Keywords: neuroevolution, dynamic network architectures, reinforcement learning, control tasks
TL;DR: We evolve recurrent neural network architectures according to simple mutation rules on modern control tasks and find the final networks to often be competitive with modern techniques while utilizing very few (average of 127) parameters.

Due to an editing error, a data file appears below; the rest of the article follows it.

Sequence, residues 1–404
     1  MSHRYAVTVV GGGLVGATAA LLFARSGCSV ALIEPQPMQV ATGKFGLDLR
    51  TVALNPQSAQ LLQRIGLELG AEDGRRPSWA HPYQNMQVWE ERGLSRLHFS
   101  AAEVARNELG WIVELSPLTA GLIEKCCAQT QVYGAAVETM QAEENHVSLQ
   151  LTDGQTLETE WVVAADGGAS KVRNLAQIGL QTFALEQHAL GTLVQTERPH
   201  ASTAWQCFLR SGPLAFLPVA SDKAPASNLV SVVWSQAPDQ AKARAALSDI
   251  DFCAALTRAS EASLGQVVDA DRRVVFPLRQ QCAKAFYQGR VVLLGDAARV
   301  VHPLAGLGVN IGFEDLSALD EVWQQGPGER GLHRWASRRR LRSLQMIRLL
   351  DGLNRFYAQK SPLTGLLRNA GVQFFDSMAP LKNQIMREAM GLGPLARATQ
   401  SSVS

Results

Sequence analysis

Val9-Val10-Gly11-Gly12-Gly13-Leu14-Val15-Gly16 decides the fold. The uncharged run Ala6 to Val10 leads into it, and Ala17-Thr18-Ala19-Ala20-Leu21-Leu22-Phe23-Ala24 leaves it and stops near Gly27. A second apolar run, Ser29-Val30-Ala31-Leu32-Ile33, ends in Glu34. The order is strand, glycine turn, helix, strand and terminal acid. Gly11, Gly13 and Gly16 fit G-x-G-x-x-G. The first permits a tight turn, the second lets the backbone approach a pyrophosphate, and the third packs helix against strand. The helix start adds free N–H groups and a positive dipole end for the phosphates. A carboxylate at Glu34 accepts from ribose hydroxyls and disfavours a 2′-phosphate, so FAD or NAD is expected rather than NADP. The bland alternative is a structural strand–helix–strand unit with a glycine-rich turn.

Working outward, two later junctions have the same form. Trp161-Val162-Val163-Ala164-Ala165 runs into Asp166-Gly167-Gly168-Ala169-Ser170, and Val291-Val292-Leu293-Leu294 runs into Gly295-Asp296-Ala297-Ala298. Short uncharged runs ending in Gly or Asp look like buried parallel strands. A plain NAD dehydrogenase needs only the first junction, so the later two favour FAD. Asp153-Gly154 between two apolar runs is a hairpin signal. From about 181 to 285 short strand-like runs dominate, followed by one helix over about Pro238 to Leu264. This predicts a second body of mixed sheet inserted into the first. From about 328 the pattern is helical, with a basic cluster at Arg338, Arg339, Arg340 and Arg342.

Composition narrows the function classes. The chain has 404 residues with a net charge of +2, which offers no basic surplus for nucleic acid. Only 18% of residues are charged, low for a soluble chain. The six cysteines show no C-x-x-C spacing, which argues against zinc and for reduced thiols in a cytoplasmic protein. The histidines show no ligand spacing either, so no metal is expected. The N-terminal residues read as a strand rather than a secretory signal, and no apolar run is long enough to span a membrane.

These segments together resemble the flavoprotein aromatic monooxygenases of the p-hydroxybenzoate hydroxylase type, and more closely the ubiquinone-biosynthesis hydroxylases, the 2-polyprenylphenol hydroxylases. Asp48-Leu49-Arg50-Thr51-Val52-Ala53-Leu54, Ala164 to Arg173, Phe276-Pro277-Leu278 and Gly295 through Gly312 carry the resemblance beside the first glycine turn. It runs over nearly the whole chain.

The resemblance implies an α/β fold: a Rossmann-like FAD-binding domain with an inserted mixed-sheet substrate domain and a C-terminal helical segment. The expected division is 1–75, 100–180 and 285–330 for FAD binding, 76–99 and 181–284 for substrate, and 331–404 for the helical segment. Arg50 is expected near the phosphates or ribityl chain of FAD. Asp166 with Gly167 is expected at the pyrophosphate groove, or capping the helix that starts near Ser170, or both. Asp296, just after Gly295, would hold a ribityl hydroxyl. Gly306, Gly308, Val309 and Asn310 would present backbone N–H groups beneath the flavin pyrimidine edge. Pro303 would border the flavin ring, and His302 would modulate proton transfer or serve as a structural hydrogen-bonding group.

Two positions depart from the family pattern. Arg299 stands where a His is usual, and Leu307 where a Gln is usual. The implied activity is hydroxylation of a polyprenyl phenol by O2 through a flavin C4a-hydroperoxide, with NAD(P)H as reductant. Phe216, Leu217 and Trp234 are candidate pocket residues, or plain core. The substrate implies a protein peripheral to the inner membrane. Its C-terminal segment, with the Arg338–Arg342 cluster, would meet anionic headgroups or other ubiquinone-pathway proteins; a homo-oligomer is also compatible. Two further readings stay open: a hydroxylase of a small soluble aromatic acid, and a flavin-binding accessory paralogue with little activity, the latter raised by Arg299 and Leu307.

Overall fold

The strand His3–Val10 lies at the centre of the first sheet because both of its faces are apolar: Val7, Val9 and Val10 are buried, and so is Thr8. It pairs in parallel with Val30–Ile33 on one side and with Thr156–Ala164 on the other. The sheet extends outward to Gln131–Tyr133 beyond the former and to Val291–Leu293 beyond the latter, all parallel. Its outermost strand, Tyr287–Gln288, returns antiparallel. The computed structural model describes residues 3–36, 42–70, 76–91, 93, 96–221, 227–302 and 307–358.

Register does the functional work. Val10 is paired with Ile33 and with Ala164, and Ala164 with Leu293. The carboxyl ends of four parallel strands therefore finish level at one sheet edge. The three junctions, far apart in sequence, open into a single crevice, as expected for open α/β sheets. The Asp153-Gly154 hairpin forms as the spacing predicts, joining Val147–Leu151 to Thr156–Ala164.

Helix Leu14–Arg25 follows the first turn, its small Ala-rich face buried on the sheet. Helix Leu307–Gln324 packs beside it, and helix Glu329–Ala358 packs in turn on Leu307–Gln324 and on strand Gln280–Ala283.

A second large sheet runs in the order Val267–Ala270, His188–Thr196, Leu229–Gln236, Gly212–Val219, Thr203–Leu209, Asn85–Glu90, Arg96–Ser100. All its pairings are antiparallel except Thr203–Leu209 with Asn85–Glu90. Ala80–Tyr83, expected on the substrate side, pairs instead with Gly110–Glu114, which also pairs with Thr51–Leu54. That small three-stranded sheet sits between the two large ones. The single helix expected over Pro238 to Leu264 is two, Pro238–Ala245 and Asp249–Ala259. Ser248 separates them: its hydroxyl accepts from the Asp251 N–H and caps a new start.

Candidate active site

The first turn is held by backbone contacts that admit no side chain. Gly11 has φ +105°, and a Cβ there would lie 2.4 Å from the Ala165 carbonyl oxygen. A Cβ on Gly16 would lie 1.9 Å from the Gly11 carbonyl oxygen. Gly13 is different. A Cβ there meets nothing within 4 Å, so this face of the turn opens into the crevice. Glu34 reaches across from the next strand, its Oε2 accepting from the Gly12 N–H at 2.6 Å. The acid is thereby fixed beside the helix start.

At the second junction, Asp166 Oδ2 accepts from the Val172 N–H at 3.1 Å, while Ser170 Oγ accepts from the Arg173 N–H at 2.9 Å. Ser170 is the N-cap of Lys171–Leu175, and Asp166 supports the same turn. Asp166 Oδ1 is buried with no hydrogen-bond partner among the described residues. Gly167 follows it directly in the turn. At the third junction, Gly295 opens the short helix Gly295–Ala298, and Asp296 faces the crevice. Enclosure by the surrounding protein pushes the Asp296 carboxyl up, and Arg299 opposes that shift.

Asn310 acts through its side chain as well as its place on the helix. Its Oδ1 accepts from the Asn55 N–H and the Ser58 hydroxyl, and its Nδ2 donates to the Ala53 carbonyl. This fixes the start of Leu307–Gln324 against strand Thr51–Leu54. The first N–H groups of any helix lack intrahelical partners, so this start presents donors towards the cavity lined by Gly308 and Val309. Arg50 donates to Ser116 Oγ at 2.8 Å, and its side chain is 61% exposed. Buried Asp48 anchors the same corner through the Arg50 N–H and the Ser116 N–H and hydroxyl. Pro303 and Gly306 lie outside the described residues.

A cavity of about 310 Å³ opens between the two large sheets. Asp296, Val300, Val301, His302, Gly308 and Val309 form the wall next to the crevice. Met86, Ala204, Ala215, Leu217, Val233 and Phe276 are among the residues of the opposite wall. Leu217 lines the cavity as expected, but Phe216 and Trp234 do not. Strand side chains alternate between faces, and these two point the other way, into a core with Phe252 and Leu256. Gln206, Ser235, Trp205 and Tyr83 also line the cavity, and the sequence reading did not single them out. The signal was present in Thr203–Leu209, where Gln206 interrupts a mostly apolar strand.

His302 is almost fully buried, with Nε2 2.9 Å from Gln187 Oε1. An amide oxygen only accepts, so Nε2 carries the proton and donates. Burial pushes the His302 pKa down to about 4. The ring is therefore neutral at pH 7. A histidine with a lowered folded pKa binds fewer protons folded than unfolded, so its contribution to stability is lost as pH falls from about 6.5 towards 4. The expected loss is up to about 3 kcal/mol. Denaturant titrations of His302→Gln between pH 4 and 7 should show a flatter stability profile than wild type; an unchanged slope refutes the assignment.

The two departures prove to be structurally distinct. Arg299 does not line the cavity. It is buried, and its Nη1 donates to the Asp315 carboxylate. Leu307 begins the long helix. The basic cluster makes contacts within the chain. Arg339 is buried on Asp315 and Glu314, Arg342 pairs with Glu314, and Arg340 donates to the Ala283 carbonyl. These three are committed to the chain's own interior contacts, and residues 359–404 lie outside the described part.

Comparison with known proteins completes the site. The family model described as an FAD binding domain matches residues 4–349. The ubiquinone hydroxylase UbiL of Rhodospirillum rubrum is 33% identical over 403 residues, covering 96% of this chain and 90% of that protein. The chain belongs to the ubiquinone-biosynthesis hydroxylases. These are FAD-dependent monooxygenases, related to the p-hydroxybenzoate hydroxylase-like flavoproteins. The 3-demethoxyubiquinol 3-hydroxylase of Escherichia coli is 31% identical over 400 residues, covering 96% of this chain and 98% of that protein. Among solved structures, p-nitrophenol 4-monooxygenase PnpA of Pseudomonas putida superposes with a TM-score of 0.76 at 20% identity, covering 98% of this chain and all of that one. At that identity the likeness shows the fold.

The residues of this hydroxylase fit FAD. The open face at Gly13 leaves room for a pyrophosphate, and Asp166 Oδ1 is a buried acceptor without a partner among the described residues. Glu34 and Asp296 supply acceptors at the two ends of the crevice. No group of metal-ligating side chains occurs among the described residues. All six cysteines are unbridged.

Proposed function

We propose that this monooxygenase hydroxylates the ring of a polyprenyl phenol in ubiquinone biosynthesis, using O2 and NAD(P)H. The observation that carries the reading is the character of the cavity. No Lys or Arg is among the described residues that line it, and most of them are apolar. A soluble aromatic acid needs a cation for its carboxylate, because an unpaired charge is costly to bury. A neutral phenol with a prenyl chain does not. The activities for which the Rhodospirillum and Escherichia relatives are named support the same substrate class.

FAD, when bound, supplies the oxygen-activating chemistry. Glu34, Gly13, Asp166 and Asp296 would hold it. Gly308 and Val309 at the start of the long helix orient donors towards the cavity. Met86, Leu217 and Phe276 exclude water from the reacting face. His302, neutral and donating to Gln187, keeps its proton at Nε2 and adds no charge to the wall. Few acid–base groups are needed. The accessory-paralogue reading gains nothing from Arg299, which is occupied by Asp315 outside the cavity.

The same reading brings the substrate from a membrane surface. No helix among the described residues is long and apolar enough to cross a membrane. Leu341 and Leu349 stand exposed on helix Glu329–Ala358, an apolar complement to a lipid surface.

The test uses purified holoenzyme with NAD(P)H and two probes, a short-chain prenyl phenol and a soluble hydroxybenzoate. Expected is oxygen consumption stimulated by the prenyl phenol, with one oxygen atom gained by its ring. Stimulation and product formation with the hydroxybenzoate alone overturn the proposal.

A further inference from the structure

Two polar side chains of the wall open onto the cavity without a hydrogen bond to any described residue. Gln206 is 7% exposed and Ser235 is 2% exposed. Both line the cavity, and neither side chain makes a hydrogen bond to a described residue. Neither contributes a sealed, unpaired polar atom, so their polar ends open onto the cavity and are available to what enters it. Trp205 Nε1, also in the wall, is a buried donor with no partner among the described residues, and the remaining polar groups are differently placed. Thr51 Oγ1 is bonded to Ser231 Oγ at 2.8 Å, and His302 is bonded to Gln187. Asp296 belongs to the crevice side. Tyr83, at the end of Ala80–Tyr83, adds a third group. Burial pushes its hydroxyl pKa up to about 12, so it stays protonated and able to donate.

Abstract: Modern artificial intelligence works typically train the parameters of fixed-sized deep neural networks using gradient-based optimization techniques. Simple evolutionary algorithms have recently been shown to also be capable of optimizing deep neural network parameters, at times matching the performance of gradient-based techniques, e.g. in reinforcement learning settings. In addition to optimizing network parameters, many evolutionary computation techniques are also capable of progressively constructing network architectures. However, constructing network architectures from elementary evolution rules has not yet been shown to scale to modern reinforcement learning benchmarks. In this paper we therefore propose a new approach in which the architectures of recurrent neural networks dynamically evolve according to a small set of mutation rules. We implement a massively parallel evolutionary algorithm and run experiments on all 19 OpenAI Gym state-based reinforcement learning control tasks. We find that in most cases, dynamic agents match or exceed the performance of gradient-based agents while utilizing orders of magnitude fewer parameters. We believe our work to open avenues for real-life applications where network compactness and autonomous design are of critical importance. We provide our source code, final model checkpoints and full results at github.com/MaximilienLC/nra/.